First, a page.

A son of IRA murder victim Jean McConville has said Gerry Adams threatened him with a "backlash" if he released the names of those he believed were responsible.
Michael McConville has said his family's fight for justice will go on after the Sinn Fein president was freed, but has maintained he could be shot if he disclosed the identities of suspects to police.
Adams, 65, was released from Antrim police station, pending a report being sent to prosecutors, after four days of questioning about the notorious 1972 killing of the mother-of-10 and other alleged links with the IRA.
McConville told BBC Radio 4's Today programme: "Gerry Adams says to me 'Michael, you are getting a letter of support from the republican people'. He says 'if you release the names I hope you are ready for the backlash'.
"I took it as a threat."
Adams has vehemently rejected allegations made by former republican colleagues that he ordered the abduction and killing under investigation - denials he repeated again last night.
The decision whether to charge him with any offence will be made by the Public Prosecution Service (PPS) at a later date after reviewing evidence presented by police.
McConville alleged the "threat" was made around the time a report being drawn up by Northern Ireland's then police ombudsman, Nuala O'Loan, into claims that his mother was an informer was close to being finalised.
The Sinn Fein president had brokered a series of meetings between him and members of the IRA.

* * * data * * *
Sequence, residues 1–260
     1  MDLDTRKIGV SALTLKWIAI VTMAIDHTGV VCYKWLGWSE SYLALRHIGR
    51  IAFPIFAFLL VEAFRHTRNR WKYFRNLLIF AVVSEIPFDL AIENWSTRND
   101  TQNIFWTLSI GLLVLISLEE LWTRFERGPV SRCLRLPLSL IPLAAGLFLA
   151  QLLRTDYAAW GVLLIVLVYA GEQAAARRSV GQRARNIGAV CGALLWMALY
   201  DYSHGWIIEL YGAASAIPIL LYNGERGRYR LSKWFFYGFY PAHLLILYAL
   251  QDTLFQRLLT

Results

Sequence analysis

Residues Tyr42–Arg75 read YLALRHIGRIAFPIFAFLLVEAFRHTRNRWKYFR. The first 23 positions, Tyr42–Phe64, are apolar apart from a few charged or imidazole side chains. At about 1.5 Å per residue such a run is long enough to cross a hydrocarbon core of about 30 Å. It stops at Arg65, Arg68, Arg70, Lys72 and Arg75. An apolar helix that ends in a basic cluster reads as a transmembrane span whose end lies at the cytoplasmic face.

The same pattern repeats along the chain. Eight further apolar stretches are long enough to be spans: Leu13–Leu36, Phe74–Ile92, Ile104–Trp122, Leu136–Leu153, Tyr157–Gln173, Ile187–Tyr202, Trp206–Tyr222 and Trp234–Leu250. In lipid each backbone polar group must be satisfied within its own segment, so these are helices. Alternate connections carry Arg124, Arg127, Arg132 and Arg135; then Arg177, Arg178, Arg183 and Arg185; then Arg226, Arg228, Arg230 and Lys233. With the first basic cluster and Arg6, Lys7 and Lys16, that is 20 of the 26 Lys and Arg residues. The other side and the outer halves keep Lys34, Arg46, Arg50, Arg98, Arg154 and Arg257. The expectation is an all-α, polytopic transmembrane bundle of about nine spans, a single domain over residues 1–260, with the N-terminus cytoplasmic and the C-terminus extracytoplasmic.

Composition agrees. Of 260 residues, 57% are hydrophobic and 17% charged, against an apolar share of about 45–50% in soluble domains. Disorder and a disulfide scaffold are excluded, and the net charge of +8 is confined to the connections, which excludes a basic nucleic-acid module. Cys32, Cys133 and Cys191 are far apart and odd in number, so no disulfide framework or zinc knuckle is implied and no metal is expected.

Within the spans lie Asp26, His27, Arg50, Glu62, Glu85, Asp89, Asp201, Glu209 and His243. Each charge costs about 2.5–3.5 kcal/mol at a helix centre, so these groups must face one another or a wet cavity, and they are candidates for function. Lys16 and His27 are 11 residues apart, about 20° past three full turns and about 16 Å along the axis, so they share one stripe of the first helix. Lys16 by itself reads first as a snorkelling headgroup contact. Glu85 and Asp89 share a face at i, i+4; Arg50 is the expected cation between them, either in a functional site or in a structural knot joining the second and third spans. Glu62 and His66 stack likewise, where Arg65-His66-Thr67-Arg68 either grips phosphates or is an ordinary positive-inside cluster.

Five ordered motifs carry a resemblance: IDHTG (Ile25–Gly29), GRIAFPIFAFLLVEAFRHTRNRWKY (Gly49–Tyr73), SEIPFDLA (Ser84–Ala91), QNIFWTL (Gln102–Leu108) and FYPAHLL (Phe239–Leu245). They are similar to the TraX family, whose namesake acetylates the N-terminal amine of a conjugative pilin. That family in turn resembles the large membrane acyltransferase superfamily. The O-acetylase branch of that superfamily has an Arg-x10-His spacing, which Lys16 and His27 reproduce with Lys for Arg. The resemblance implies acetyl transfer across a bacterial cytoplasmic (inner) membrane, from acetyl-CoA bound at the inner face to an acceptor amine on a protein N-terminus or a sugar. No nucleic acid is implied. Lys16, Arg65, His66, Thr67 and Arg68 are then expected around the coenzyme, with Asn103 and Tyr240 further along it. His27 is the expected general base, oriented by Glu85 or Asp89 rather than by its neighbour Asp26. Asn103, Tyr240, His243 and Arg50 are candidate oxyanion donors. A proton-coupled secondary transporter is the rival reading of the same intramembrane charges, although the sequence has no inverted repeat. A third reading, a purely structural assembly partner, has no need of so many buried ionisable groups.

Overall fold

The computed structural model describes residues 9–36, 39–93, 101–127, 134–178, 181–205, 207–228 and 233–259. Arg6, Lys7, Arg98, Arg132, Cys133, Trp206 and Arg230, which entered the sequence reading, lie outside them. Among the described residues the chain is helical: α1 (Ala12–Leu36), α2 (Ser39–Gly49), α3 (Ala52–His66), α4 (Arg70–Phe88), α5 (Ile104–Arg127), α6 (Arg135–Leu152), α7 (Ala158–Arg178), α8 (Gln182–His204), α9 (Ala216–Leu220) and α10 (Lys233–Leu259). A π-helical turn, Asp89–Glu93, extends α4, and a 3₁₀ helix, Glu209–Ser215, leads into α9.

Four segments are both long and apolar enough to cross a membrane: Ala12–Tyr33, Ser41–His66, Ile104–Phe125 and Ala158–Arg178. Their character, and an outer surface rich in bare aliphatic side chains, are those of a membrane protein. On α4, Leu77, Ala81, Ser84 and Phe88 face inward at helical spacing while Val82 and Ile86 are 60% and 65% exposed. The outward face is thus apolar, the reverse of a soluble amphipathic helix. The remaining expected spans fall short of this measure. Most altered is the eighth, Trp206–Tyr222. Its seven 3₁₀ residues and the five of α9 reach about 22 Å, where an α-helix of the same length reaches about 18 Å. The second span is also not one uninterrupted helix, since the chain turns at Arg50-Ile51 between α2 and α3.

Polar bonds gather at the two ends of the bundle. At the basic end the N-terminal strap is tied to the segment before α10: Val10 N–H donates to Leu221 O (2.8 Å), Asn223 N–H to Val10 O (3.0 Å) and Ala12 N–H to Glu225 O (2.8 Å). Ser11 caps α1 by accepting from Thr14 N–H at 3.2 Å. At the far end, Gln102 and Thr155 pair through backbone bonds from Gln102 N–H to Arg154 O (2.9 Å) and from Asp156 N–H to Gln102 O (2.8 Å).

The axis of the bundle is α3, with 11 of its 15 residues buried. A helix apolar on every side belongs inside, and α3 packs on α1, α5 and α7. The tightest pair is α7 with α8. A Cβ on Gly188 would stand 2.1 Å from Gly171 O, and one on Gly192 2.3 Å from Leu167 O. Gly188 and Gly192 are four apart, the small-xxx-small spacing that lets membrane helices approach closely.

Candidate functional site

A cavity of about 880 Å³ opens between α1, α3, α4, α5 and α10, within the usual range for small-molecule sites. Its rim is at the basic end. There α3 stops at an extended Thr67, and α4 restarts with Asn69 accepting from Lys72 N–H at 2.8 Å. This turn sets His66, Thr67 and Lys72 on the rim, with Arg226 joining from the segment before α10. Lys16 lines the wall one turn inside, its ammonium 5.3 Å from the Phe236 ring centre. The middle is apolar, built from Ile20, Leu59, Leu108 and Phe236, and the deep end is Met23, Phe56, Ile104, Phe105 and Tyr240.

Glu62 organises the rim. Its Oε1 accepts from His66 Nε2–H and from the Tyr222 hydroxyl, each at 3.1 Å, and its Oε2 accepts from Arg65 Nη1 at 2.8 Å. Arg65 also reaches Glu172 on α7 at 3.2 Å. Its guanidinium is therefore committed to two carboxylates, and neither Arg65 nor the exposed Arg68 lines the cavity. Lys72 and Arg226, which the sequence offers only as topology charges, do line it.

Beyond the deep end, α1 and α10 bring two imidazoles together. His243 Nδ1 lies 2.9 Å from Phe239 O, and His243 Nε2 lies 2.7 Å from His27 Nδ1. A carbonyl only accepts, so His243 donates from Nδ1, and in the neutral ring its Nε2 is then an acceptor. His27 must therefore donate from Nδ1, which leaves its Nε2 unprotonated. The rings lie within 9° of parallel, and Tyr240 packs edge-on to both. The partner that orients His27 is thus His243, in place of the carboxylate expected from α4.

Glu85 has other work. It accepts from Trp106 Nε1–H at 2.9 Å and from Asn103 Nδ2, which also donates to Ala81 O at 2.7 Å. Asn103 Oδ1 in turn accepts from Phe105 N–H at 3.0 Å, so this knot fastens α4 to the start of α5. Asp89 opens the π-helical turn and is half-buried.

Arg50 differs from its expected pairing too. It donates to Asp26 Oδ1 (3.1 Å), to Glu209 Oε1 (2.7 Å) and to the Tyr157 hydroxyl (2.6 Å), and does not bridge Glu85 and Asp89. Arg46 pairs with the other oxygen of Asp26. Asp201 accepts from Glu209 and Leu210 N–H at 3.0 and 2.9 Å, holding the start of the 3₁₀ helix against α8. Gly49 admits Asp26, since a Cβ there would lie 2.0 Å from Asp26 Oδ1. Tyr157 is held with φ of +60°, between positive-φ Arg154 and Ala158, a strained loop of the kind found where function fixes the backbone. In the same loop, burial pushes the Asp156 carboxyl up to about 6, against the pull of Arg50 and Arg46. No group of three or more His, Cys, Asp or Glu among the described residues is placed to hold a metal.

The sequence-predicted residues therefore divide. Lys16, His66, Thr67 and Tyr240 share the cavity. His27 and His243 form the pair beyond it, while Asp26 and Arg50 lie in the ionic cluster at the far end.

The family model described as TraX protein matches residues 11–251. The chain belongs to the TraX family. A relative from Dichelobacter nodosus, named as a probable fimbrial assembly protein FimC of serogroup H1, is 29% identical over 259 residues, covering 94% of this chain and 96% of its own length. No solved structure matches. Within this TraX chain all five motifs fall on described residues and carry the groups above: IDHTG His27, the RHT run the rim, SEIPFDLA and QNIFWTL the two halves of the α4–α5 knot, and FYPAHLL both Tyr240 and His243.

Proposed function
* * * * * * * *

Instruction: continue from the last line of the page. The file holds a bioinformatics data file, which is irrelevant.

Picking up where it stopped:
McConville said he used to tell Adams what had happened in the meetings and warned him that he would release the names of those involved if O'Loan's report was disputed.
At that point he said the backlash was mentioned.
McConville said that "could" have meant a backlash against the peace process but said he took it to mean the "backlash from republican people".
Adams will refocus on election campaigning today as the political fall-out from his release from police custody continues to reverberate around Stormont and beyond.
The republican party is holding a European election rally in Belfast tonight, with a similar event planned in Dublin tomorrow, as Adams resumes the canvassing activities he claims his detention was designed to thwart.
The rapturous welcome Adams received in a west Belfast hotel on his first public appearance was in marked contrast to the angry scenes outside the police station as loyalists protested at the decision to free him.
There was disorder in the loyalist Sandy Row area of Belfast, with petrol bombs and stones thrown, though no one was injured.
The former MP for west Belfast and now representative for Co Louth in the Irish Dail criticised the police's handling of his arrest but moved to dispel any suggestion that Sinn Fein's commitment to policing had wavered in the wake of the affair.
His arrest on Wednesday triggered a bitter political row at Stormont, with Sinn Fein accusing an "anti-peace process rump" within the Police Service of Northern Ireland (PSNI) of orchestrating the detention with the aim of damaging the party ahead of the European and local government elections.
This was angrily rejected by political rivals, whose fury intensified when senior Sinn Fein figures indicated that their support for the police - a critical plank in the peace process - would be "reviewed" if Adams was charged.
Democratic Unionist Stormont First Minister Peter Robinson denounced those remarks as "bully boy" tactics.
Downing Street confirmed that David Cameron and Irish Taoiseach Enda Kenny spoke yesterday to discuss the situation surrounding Mr Adams' arrest.
Adams questioned the timing of his detention and said police had unnecessarily used "coercive" legislation to detain and quiz him.